Why Your Company Needs a Blog
In short, regular blogging increases customer engagement, attracts new website visitors, and helps you establish credibility as an educational and informative (hopefully interesting and persuasive) source on a certain category of topics.
How to Blog (v.)
Parts of speech
Yes, the word ‘blog’ is both a verb and a noun. A blogger blogs and also writes a blog. This is called the act of blogging. Congratulations, you just graduated from a crash course in 21st century internet use. You are now also prepared to be a contestant on Jeopardy (“What is blogging” – daily double)!
In all seriousness though, blogging is simple – even if you’re not the best writer. Of course, it helps to write well – so if writing isn’t your forte it would be smart to have someone review your posts or have them professionally written – but a blog is free-form writing at its finest and can be as casual or as formal as you want it to be! Starting your own blog is the perfect opportunity for adding your unique voice to your company website and brand – and when it’s done right, your blog posts can add to your SEO (boosting your overall internet presence and performance).
Think of your blog as the place where you say more than what you should say on the other main pages of your website. It’s the place where you can elaborate on topics and ideas that relate to your niche, products, or services. Many people get tripped up by thinking they have to be an expert on a topic in order for a blog post to be worthy of publishing. This is simply not true! A white paper, yes, that’s where I’d say you need to possess a certain level of expertise. But a blog? Nope. Blogs are meant to be written from an experiential and contextual perspective. Expertise and credibility will definitely add value to your blog – but you don’t have to be the sole expert. You can curate sources and cite references, then summarize an ‘expert’ opinion in your own words.
It’s not a case study.
If you’re in the business of selling niche retail products marketed to a specific subset of the population, you may think that you need to sound like an expert on the problems that your product is designed to solve in order for people to take you seriously and buy your product. Wrong! If your product works, people will buy it. Claiming that it solves a particular problem, meets a certain goal, or provides a solution to a common issue is enough for someone to take a look and consider purchasing. Often, the factors that compel someone to purchase your product will include the amount of competition (similar products), price and value, available reviews from other buyers, and how well your product is marketed.
If you have a blog, that’s considered a bonus. You might write about situations in which your product would be useful and would demonstrate a solution to a widespread issue. You might write about the top five ways to prepare for one of those situations in which the problem would arise, making your product a necessity. You might write about the main reasons this problem or set of problems occurs, offering insight on prevention (and of course, offering your product as a preventive measure or type of treatment). These are all things that provide context and reference without requiring specifics. Remember, it’s not a case study.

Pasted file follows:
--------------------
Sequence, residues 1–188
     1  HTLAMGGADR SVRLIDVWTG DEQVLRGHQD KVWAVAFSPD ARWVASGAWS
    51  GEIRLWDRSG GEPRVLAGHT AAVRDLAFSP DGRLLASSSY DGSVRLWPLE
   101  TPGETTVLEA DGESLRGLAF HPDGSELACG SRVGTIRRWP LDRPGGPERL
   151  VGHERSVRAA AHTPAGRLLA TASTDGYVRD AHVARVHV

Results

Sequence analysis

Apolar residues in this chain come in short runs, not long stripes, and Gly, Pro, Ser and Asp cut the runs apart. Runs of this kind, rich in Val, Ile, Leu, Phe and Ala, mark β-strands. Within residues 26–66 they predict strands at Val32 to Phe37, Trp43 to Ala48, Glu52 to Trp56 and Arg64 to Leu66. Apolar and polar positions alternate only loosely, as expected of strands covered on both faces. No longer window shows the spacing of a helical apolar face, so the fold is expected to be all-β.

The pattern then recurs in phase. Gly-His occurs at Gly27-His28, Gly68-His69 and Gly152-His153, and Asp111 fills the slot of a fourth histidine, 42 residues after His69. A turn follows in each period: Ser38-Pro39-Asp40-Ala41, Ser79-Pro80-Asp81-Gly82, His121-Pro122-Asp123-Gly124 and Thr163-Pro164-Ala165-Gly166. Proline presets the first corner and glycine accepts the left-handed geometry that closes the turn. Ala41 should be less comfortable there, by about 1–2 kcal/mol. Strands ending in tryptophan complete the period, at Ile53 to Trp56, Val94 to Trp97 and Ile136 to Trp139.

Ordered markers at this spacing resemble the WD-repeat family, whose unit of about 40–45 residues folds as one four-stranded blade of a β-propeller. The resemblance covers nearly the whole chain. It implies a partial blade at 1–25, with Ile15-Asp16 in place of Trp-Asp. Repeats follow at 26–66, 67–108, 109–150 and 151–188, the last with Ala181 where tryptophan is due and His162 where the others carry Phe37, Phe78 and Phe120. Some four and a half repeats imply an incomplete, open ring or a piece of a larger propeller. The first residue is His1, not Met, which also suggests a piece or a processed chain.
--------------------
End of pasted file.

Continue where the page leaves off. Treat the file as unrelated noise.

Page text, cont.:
You can also use ‘feel, felt, found’ to bolster your writing and reach people on an emotional level: “Many users feel as though there’s no hope with this particular problem, but after using XYZ product, they found that the problem greatly improved!”
You can use statistics as a bonus, if you have them. Always remember to cite your sources.
You can also curate or link to external content that you found elsewhere and believe to be useful or credible (such as another blog you follow, a doctor, or another expert on the subject). Cross-linking is often a good way to get higher rankings and increase traffic, and these sources will definitely appreciate you promoting them (which means they may even promote you back).
It’s Not Rocket Science
Just do it, man.
Don’t be a victim of paralysis by analysis. If you overthink it, you’ll wind up with writing that doesn’t sound authentic. If you’re naturally funny, don’t stifle your sense of humor – blend your personality and wit into your writing! Good blogging is one part remembering who makes up your target audience and how you would speak to them; one part writing relevantly about the issues or experiences surrounding your product or service without being directly promotional or delivering a hard sell; two parts authenticity (the readers can sniff it out, trust me!); and one part intuition (knowing what people want to read about and getting them to come back for more).
If this recipe is still too intimidating for you, ponder your company’s mission statement, purpose, ideal buyer persona, and start sketching outlines. Some of the best blogs start out as one sentence or key idea, and then they grow organically. You can even draw out your ideas visually – use a linear sketch or a bubble sketch to illustrate your thoughts. Then connect the points with strings of words that form sentences.
You don’t need a PhD in literature from Harvard to be able to write a compelling blog. Here’s an exercise for you: write a one-page blog post on why someone would like to meet you (what makes you interesting); or your favorite dish (why it’s sooooo good you could eat it all the time). Anything. The key is just to start.